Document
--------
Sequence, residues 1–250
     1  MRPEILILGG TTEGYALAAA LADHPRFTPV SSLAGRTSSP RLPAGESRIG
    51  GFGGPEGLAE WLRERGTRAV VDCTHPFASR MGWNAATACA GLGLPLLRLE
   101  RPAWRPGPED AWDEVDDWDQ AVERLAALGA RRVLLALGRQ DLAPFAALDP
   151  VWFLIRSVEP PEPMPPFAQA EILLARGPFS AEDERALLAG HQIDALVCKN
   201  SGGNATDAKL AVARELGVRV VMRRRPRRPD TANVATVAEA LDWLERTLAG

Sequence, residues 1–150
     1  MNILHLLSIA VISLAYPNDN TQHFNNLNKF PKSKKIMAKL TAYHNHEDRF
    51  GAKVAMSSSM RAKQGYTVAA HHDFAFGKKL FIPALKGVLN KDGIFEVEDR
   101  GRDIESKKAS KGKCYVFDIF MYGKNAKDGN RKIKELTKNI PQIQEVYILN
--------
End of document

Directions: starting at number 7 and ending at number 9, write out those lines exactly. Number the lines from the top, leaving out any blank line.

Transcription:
Sequence, residues 1–150
     1  MNILHLLSIA VISLAYPNDN TQHFNNLNKF PKSKKIMAKL TAYHNHEDRF
    51  GAKVAMSSSM RAKQGYTVAA HHDFAFGKKL FIPALKGVLN KDGIFEVEDR